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What Is a Koran Angelfish?

By Sonal Panse
Updated Jun 04, 2024
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The Koran angelfish is a tropical saltwater angelfish that gets its name from a pattern on its tail that resembles Arabic script. It gets its scientific name, Pomacanthus semicircultus, from the pattern of semicircles on the body of the fish as well as from the presence of a spine on its gill cover; Pomacanthus is Latin for thorny cover. The natural habitat of this angelfish is in the ocean around Sri Lanka, Indonesia, the Maldives and the Caribbean.

The fish, when young, is blue and black in color with a white and light blue pattern of semicircles. Adults have yellowish-green heads, with bodies that are brown in the front and back and graduate to yellow-green in the mid-section. There are distinct spots on the sides, pale ones on a dark section and dark ones on a pale section. The dorsal and anal fins have bright yellow tips, and the gill margins and the rings around the eyes are a bright sapphire blue. In size, the fish can measure from one inch (2.54 cm) to eight inches (20.32 cm).

Its attractive appearance makes the Koran angelfish popular as a freshwater aquarium fish. It is quite a hardy creature in comparison with other angelfish varieties, but it is important to keep it in a spacious freshwater angelfish tank, one that is at least 100 gallons (378.54 liters), and to ensure that the water is kept clean and well-oxygenated. Lack of space can aggravate the aggressive tendencies of the fish, and lack of clean water can make it susceptible to disease and pests.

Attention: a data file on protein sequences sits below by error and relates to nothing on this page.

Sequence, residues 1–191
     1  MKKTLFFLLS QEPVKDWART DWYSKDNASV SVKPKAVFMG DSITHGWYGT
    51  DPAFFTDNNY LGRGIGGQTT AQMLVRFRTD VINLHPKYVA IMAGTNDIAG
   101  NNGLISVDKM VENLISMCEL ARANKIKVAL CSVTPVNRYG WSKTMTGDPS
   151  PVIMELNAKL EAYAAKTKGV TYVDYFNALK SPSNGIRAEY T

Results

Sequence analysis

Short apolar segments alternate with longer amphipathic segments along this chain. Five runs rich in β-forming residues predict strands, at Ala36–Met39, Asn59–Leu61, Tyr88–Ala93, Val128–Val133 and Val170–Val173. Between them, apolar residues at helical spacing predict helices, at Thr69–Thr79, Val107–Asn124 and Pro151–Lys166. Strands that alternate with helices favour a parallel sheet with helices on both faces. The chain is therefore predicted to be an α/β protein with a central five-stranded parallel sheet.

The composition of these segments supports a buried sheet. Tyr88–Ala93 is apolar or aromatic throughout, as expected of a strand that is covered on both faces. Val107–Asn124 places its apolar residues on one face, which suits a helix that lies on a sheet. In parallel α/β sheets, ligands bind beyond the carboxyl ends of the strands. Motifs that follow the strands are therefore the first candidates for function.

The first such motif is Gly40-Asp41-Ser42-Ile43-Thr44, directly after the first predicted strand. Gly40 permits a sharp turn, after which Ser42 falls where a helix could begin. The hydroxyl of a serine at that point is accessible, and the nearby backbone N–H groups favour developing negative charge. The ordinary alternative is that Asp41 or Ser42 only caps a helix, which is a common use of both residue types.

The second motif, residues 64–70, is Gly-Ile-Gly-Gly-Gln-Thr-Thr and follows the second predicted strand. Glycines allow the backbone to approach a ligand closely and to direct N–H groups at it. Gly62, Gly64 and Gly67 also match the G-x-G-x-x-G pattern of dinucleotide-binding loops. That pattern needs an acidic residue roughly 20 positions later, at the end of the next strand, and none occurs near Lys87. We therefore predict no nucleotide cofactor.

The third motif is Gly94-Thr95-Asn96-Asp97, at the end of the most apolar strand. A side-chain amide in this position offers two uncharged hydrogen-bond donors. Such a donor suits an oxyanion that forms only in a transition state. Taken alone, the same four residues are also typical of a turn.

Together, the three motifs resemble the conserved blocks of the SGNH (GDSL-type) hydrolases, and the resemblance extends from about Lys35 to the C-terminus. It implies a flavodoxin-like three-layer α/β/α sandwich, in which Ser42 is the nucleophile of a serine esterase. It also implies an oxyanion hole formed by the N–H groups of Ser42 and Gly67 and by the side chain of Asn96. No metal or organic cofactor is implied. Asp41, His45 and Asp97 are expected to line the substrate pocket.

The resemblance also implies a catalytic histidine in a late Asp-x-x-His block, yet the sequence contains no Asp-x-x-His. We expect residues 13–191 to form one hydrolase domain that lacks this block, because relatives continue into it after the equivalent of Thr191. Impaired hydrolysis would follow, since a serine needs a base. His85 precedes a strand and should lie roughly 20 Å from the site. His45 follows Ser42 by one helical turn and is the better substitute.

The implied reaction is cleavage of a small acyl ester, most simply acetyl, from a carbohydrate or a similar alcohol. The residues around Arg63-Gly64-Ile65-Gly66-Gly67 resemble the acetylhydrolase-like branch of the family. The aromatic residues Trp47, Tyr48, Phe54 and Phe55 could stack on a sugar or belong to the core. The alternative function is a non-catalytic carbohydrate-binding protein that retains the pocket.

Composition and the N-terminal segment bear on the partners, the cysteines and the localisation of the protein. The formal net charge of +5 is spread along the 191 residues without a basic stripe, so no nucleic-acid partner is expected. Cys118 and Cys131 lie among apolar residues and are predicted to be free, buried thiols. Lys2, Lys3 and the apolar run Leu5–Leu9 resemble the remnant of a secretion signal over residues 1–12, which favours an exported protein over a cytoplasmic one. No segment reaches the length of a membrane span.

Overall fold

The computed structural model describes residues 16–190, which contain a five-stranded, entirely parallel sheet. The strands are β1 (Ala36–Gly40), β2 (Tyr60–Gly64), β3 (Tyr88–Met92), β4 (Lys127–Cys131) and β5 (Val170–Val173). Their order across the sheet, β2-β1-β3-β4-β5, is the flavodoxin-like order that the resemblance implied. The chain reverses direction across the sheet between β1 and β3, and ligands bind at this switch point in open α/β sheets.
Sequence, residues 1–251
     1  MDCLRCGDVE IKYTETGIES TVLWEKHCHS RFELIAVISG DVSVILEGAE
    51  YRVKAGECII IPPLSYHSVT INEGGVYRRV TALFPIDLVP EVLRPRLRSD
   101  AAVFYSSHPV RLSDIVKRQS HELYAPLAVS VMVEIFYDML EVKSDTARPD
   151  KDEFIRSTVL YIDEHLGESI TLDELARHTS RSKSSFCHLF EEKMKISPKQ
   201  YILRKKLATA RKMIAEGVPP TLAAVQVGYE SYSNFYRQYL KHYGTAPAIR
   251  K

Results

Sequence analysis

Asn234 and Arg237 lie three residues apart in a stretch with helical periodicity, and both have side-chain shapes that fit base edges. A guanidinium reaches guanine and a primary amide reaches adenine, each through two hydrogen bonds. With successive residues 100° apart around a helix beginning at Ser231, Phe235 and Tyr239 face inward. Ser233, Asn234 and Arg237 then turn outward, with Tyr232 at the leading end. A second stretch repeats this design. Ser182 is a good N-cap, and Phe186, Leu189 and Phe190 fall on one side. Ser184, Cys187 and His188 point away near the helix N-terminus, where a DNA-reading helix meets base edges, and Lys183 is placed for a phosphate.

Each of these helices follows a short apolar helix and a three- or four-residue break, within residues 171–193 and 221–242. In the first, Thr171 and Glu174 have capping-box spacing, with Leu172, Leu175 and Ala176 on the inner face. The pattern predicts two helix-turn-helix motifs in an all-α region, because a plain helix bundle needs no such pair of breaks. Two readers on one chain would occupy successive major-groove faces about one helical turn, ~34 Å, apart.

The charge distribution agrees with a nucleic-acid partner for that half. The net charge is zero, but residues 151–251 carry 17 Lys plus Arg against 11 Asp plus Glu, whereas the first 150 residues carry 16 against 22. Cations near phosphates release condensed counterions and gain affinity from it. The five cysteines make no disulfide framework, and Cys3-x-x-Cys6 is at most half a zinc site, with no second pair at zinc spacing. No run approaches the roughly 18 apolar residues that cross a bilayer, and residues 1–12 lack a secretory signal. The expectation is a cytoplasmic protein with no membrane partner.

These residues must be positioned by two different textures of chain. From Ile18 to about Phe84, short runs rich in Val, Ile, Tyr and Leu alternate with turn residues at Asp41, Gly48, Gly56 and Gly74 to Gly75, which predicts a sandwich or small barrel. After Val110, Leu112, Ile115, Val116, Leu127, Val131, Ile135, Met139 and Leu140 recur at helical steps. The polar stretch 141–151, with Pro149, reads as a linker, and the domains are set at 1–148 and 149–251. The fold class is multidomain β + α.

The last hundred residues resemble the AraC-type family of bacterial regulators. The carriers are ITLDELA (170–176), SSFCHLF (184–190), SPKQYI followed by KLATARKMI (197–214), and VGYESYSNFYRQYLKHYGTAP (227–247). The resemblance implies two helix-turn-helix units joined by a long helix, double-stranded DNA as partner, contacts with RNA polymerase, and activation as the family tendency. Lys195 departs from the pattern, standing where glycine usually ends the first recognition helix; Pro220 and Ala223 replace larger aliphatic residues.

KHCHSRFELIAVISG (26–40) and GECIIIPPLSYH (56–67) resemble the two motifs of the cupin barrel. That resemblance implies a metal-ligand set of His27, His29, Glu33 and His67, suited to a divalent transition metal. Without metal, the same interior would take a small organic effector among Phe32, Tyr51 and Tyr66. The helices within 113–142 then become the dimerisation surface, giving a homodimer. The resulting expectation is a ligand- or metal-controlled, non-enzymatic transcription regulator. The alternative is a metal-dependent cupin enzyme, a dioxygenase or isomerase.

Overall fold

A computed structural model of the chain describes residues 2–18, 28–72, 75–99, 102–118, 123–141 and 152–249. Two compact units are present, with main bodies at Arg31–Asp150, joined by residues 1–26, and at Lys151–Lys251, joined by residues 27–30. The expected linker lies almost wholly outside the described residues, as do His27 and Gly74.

These angelfish are not suitable for a coral reef tank as they tend to eat coral. Aside from coral, they eat worms, shrimps, shellfish, squid, sponges and also vegetables. The Koran angelfish is a grazing fish, which means it will need to be fed several times throughout the day.

The Koran angelfish is rather aggressive and territorial, and it is usually advisable not to keep it with other angelfish varieties, or at least not angelfish of the same sizes. It seems to get along well with fish of other species though, provided, given its territorial nature, that it is introduced last into the tank. It is a good idea to float the angelfish in a transparent container into the tank and see how it reacts to the other fish before releasing it. Providing adequate hiding places and escape compartments for the other fish in the tank is also recommended; if the Koran angelfish seems too aggressive, it may be best to remove or isolate it. This type of fish is not easily bred in captivity, but, if it does, it scatters its eggs.

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